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A study of Mainland Chinese gaming behavior

English Abstract

Since the liberalization of casino gambling in Macau in 2002, competition has become very intense, casinos operators not only fight for customers, but also for resources. Based on the visitor arrivals report released by the Statistics & Census Service in October 2008, visitors from Mainland China accounted for 58.5% of the total; among them, 30.6% have visited Macau under the Individual Visit Scheme which is down by 25.9% compared to the same period of last year (DSEC, 2008). And according to Ozorio and Fong (2004), Mainland China tourists’ prominent activity to Macau is actually to gamble. As such, it is very valuable to study Mainland Chinese gambling behavior, since in the first place, Mainland Chinese are the major customer of the casinos in Macau; and secondly, there have been a lot of gambling researches regarding the gambling behavior of the westerners (as discussed in later sections), however, there is inadequate information regarding that of the Mainland Chinese. And hereby, it is important to note that gaming is being considered same as gambling (Business Dictionary, 2009); as gaming is described as playing a game of chance for winning a sum of money whether or not other players are at risk of losing money. For gambling, it refers to betting that must result either in a gain or a loss. Since these two words have the same meaning, they are used interchangeably in this study. In addition, this study tends to find out if the gambling behavior of the Mainland Chinese is different from the westerners, and a number of hypotheses related to gambling are being tested. The Mainland Chinese respondents are classified according to their gambling behavior; at the same time, two psychology related variables — illusion of control and superstitions are included in the framework, as psychologists and scholars (Joukhador, Blaszczynski & Maccallum, 2004; Ozorio & Fong, 2004; Henslin, 1967) have considered erroneous beliefs to be influential factors related to gambling. A quantitative study is carried out with a sample size of 445, among these respondents, 102 of them never gambled, which accounts for 22.9% of the total while gamblers accounts for 77.1%. The target samples are the Mainland Chinese tourists, who have gambled in Macau within a year to the date the survey is conducted. Data are collected through a face-to-face interview at some famous tourist spots in Macau and the questionnaire design is adapted from the survey instrument of Wood and Clapham (2005), which is known as the Drake Beliefs about Chance Inventory (DBC). The findings of this study confirm that Mainland Chinese also gamble like the westerners do: (1) western males are found to be heavier gamblers than females and that they have different games of preference, which is also true for the Mainland Chinese; (2) Elder Mainland Chinese are found to place higher average stakes and have experienced more money lost than the other age groups; (3) income is the strongest predictor of gambling behaviors among all of the independent variables in the study, with a higher monthly income, the Mainland Chinese show a tendency of having heavier gambling behaviors — they gamble more frequently, their largest bets placed is higher than those who earn a lower income, with higher average stakes, gamble for a long period of time and have experienced more money lost; (4) for occupation, all of its hypotheses are not being supported, saying that different occupations have different gambling behavior; (5) illusion of control, superstitions and total belief scores (an aggregated score for illusion of control and superstitions scores) are only found to have a weak correlation with the Mainland Chinese gambling behavior. This study has contributed to offer a further step to better understand the gambling behavior of the Mainland Chinese, as there are only few research papers that are related to this topic. The findings of this study provide useful knowledge to both researchers and casino operators especially when the gaming operators are now experiencing headwinds from the visa restrictions on the Mainland tourists traveling to Macau, the capping of junket commissions at 1.25% and global growth slowdown that affect the gaming revenue (Choudhary & Chan, 2008).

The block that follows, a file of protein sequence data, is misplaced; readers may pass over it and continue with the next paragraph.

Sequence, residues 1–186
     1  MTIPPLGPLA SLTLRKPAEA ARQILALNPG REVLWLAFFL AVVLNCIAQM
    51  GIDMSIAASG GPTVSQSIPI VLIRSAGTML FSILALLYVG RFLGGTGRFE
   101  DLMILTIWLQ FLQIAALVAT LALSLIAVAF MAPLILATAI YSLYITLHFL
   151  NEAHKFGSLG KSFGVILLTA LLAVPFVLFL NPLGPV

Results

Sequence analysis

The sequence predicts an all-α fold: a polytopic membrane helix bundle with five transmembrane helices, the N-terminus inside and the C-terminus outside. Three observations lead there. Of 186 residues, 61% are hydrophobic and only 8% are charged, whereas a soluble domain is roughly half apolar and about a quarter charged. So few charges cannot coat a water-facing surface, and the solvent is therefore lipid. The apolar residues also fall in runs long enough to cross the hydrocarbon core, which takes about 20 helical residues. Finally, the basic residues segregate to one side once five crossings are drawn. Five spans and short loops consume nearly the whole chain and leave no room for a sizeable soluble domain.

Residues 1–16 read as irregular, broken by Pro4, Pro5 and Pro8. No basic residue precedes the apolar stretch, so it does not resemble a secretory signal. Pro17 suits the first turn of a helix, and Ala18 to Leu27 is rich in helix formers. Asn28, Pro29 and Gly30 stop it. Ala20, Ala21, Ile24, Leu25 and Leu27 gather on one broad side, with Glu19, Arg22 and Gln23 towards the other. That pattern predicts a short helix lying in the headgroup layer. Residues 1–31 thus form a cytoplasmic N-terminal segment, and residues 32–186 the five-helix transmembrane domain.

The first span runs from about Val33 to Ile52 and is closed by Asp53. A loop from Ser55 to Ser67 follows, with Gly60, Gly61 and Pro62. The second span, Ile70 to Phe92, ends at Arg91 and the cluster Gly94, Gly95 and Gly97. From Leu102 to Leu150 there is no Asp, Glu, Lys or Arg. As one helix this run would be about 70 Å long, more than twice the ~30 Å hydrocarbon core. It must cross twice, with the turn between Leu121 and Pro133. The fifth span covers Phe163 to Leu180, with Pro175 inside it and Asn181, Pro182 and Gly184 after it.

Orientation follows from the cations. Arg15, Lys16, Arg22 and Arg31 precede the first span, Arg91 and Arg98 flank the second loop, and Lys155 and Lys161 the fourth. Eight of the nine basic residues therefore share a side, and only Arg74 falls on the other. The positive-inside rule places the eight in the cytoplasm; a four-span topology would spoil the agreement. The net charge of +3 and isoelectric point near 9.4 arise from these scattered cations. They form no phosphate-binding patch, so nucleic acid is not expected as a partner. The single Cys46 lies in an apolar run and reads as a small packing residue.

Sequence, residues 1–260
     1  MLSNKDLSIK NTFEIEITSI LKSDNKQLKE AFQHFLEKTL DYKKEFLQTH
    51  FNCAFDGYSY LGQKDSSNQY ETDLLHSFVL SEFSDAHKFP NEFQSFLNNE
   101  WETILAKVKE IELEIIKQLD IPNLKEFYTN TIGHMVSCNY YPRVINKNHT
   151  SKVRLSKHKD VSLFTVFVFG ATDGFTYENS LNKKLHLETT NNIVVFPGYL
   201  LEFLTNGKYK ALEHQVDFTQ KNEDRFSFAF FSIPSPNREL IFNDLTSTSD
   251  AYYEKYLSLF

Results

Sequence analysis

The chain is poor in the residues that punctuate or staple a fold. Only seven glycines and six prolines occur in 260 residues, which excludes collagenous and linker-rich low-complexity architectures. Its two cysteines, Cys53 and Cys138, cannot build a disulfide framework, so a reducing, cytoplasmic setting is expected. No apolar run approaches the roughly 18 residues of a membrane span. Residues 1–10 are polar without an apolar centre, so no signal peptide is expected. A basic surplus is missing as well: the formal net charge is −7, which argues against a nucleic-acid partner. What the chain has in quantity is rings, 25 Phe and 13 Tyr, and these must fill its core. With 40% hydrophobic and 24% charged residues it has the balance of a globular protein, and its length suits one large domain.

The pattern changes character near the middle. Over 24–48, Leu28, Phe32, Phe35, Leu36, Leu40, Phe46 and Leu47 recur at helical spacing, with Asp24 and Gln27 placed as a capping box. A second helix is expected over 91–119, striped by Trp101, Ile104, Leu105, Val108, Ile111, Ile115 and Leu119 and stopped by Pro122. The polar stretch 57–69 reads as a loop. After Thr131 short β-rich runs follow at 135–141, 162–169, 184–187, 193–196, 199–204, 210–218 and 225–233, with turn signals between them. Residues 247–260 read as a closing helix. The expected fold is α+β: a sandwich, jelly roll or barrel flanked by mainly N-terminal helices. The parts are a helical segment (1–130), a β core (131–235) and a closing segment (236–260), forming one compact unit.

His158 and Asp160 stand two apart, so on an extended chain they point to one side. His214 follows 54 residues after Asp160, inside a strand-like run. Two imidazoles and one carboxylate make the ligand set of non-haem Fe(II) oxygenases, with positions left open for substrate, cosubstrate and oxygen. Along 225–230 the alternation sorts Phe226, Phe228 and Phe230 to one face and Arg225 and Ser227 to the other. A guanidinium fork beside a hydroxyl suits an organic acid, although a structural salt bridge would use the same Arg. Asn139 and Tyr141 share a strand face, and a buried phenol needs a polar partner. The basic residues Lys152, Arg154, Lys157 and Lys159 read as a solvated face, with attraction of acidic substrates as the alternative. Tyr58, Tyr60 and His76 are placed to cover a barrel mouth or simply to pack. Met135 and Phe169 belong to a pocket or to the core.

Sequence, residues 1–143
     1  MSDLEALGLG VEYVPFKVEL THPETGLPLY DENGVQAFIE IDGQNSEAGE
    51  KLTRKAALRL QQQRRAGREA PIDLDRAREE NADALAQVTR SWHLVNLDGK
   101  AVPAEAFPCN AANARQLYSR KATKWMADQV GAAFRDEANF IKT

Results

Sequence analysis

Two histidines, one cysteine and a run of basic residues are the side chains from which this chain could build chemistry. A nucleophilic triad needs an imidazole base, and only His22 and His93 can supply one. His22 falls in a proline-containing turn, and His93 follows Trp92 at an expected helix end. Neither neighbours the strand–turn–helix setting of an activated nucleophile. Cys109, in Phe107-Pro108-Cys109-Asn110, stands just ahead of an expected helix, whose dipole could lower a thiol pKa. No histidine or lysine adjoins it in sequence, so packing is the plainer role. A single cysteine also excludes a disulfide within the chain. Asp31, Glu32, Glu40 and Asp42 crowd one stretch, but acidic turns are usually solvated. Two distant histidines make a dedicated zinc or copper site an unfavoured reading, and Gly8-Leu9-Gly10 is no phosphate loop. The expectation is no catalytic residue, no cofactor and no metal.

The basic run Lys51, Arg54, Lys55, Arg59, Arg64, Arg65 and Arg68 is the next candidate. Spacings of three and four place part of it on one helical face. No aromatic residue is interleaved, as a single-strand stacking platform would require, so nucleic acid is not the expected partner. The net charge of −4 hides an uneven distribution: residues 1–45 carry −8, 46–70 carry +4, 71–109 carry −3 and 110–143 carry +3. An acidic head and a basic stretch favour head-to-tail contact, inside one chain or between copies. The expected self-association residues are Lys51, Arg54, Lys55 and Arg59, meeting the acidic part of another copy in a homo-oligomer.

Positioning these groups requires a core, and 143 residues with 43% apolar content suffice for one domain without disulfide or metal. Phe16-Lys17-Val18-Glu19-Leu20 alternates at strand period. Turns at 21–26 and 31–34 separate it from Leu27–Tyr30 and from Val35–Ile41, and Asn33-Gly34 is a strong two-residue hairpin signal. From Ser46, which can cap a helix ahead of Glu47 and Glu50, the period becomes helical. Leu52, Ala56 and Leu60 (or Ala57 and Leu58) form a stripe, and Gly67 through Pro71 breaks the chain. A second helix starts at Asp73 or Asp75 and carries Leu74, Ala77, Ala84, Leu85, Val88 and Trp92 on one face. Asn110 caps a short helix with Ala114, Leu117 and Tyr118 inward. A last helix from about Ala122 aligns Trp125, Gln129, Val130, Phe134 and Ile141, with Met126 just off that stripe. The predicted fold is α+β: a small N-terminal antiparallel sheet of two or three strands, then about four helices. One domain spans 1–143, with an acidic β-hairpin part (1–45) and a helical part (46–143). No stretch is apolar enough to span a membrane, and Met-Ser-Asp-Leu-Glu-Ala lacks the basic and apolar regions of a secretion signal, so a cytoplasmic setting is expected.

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Tam, Hoi Ian


Faculty of Business Administration


Department of Management and Marketing




Gambling -- Psychological aspects

Compulsive gambling -- China


Liu, Ting Chi

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